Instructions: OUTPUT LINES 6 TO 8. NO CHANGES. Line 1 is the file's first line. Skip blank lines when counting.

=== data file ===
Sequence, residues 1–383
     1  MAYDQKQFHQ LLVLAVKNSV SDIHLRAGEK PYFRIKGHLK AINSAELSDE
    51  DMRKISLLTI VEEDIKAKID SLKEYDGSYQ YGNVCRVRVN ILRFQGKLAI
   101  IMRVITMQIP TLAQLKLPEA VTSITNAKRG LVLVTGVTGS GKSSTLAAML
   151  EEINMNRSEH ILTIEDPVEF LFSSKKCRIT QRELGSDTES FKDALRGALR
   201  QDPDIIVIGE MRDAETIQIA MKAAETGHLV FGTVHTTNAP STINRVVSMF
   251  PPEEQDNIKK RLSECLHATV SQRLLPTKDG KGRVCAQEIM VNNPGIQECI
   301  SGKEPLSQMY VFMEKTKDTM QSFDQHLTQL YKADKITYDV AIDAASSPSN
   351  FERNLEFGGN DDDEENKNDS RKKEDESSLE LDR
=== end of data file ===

   201  QDPDIIVIGE MRDAETIQIA MKAAETGHLV FGTVHTTNAP STINRVVSMF
   251  PPEEQDNIKK RLSECLHATV SQRLLPTKDG KGRVCAQEIM VNNPGIQECI
   301  SGKEPLSQMY VFMEKTKDTM QSFDQHLTQL YKADKITYDV AIDAASSPSN